Trump administration loosens safety rules adopted after the 2010 oil spill

The Trump administration unveiled on Thursday its final plan to roll back offshore drilling safety measures put in place by the Obama administration.

After the environmental disaster brought by the 2010 BP Deepwater Horizon oil spill, the Obama-era plan generated concern among environmentalist groups. The incident was qualified as the most severe in the history of the United States. Activists are warning about the potential risks of this plan to workers’ safety and the environment.

The changes are projected to save oil and gas drillers at least $1 billion over 10 years, according to an Interior Department spokeswoman.

Different safety measures are being considered

Officials of the Trump administration announced the final revised rule at an event in Port Fourchon, a Louisiana seaport that services over 90 percent of the Gulf of Mexico’s deepwater oil production.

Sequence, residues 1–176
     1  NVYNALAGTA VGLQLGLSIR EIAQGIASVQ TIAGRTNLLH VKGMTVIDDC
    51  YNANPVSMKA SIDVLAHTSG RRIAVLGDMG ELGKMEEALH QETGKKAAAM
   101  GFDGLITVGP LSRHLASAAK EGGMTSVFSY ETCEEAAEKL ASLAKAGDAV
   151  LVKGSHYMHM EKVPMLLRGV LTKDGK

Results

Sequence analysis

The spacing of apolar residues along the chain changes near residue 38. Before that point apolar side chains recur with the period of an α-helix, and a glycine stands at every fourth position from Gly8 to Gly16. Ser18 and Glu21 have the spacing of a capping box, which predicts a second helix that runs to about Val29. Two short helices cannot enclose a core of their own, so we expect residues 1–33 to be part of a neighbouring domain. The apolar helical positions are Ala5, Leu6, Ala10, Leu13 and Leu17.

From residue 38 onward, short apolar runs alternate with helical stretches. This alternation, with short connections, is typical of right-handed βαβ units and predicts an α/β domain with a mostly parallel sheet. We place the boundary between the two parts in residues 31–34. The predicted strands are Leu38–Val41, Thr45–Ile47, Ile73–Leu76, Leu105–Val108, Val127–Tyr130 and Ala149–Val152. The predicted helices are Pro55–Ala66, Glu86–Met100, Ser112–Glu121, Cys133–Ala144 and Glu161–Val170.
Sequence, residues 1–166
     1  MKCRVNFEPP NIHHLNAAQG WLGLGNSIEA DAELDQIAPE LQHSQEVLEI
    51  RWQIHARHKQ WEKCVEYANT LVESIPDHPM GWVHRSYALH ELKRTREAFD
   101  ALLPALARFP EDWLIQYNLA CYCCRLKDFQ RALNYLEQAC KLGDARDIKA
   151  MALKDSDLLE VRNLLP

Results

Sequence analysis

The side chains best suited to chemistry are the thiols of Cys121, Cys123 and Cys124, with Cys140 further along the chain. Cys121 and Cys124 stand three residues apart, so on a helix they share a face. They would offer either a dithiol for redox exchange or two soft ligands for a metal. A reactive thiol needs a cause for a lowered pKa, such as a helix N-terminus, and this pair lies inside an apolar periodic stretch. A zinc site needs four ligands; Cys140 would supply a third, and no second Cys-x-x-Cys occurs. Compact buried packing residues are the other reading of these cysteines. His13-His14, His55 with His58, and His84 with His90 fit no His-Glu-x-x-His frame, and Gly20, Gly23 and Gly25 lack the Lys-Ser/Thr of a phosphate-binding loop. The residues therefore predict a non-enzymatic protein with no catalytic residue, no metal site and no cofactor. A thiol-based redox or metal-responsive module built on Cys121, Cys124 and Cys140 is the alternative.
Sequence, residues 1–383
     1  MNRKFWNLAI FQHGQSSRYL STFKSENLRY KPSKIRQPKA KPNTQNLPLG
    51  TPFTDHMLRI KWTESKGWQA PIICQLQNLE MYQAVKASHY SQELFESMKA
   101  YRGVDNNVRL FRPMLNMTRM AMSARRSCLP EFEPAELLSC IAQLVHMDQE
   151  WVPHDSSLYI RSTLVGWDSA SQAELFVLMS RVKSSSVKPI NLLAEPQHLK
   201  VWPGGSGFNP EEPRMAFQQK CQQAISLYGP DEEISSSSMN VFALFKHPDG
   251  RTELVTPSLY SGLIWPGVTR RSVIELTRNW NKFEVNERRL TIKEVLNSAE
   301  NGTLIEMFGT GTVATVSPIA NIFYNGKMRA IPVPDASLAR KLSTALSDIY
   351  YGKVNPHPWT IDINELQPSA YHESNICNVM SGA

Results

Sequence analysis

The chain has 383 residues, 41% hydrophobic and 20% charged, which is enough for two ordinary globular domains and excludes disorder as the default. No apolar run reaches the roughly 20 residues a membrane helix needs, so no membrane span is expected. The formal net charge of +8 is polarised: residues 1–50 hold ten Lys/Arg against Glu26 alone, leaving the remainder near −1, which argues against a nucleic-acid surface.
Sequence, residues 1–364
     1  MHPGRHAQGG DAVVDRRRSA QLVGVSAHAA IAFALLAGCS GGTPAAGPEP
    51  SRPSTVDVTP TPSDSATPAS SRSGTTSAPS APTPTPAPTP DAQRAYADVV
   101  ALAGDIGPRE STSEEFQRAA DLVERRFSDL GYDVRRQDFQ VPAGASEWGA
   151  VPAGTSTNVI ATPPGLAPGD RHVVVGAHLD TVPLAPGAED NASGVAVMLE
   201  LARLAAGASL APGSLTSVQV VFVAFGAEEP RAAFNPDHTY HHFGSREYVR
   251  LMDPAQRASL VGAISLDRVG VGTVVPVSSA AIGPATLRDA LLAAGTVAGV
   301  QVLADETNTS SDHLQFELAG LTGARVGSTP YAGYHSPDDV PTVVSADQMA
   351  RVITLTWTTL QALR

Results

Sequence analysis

Last year, the agency’s Bureau of Safety and Environmental Enforcement proposed revisions to the 2016 offshore well control rule. It required real-time monitoring of operations and certification by third parties of emergency devices, among other measures.

Scott Angelle, head of BSEE, said in an opinion piece in Louisiana’s The Advocate newspaper that the agency had revised 68 of 342 provisions of the Obama administration’s well control rule, and put forward a “safer, smarter improved rule.”

The revised rule reflects changes sought by the oil and gas industry. It suggests that the Obama-era rules imposed financial burdens that would curtail future development and production. Environmental groups warned that relaxing the well control rule was reckless and another example of the Trump administration catering to industry demands.

The BP Macondo well blowout and fire on the Deepwater Horizon drilling rig on April 20, 2010 killed 11 workers and cost billions of dollars for Gulf Coast restoration.

The Obama administration had created a task force to examine the causes of the accident, and those findings were key in the formulation of new safety rules for workers and for environmental protection.

For more information, check Energía16

See also: U.S. crude oil production dropped in February for second month in a row

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